Album Review: The Afghan Whigs – In Spades

afghanwhigs-inspadesThe Afghan Whigs – In Spades

Alternative Rock


With In Spades, the second post-reformation album from the cult 90s legends, The Afghan Whigs in many ways sound like a completely different band. The raw angsty sound of their youth that adorned classic albums like Gentlemen has given way to a more mature and refined output. All of that energy and passion has not simply disappeared, it instead manifests itself in new forms, producing one of the most diverse, experimental and accessible albums of their career. Very few of their contemporaries can say that they have released an album of this calibre at such a late point in their history. The level of musicianship here is a new high point for the band and their latest genre-hopping record contains some of the most unique and thrilling soundscapes of 2017.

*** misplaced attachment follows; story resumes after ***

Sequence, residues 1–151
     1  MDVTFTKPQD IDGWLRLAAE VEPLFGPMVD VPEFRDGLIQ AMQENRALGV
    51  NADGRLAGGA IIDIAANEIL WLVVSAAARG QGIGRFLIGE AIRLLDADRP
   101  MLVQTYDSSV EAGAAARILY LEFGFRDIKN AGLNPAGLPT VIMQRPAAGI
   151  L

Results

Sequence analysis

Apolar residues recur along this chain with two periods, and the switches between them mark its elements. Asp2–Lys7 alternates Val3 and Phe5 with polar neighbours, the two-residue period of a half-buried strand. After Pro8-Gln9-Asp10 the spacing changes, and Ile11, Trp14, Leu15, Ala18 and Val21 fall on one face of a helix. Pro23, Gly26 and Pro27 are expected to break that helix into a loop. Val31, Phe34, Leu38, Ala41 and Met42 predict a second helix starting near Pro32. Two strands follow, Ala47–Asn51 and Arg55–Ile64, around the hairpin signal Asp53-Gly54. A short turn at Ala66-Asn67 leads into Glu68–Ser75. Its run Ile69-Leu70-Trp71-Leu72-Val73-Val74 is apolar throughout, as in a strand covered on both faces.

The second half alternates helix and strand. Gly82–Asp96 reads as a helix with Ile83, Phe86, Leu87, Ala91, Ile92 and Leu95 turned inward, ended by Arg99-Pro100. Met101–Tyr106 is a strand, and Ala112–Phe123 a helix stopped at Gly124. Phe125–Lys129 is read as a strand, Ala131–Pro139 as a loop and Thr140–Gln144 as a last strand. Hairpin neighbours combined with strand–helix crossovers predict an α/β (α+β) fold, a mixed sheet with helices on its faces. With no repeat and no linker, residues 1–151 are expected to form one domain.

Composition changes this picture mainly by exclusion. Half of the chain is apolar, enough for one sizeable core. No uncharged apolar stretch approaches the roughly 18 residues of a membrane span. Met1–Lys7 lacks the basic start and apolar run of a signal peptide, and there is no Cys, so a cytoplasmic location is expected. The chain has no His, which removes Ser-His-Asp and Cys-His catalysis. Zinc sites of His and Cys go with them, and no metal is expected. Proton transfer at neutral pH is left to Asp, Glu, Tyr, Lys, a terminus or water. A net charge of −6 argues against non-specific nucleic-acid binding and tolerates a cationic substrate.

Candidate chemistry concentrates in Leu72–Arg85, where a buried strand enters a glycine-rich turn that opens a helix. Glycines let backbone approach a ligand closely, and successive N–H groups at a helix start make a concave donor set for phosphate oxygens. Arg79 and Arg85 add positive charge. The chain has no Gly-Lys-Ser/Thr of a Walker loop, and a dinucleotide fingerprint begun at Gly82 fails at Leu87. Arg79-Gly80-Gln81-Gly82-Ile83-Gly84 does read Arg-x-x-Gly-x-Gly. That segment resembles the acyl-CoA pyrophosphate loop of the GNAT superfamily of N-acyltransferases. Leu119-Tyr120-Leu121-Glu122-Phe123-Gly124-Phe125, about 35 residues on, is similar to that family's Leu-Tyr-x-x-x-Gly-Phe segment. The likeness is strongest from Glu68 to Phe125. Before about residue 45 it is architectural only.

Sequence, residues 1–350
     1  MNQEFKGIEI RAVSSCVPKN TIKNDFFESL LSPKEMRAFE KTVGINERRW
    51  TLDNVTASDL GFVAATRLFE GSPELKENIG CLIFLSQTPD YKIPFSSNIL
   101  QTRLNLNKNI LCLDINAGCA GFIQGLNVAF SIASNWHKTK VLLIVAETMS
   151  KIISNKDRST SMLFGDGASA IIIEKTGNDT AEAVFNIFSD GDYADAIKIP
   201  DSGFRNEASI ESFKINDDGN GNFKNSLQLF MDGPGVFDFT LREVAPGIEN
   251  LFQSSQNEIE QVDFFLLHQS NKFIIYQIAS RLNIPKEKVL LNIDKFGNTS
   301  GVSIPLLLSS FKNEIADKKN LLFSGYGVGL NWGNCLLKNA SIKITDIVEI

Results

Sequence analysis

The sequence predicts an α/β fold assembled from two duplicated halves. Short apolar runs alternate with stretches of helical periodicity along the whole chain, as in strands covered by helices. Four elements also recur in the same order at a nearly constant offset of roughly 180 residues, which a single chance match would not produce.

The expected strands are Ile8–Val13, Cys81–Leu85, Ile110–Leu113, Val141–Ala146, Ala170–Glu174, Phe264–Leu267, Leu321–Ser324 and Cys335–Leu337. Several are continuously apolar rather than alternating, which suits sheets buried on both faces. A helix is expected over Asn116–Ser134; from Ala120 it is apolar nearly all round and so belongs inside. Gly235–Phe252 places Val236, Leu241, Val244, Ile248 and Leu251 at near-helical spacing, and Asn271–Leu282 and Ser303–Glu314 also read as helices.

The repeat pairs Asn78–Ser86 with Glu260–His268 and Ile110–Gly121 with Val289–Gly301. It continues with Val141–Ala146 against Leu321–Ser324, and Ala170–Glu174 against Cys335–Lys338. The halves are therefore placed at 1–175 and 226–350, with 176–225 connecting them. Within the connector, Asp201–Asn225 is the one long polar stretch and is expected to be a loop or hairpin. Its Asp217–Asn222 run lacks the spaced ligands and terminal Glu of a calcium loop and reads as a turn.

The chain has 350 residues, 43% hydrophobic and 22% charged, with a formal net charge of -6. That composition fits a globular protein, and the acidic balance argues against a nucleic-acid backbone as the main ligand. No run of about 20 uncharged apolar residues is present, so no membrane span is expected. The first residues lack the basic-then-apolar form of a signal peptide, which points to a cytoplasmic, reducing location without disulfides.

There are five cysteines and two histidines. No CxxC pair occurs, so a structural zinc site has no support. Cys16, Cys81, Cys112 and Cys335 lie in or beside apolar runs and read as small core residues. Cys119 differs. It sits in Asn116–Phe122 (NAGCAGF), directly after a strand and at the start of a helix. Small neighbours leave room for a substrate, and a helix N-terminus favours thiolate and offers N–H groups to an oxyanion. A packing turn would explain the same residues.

Opening track ‘Birdland’ features some ingenious mellotron work to create an elegant orchestral atmosphere, while the Eastern tinged ‘Arabian Heights’ packs more sinister and mystifying riffs into 5 minutes than I thought possible. The all too brief ‘Toy Automatic’ brings together both strings and brass to create the album’s most powerful and emotive moment, ‘Copernicus’ features some fuzzy T Rex-esque guitar work, and ‘Light As A Feather’ has some attention-grabbing snippets of funk. In Spades‘ greatest gift however is it’s final two tracks. ‘I Got Lost’ is The Afghan Whigs at their most welcoming and uplifting, while the slow building tension and final hair-raising release of ‘Into The Floor’ ends the record on a high. It doesn’t quite earn the title of “classic album”, but the band have remained dignified and unpredictable when so many others fade and falter.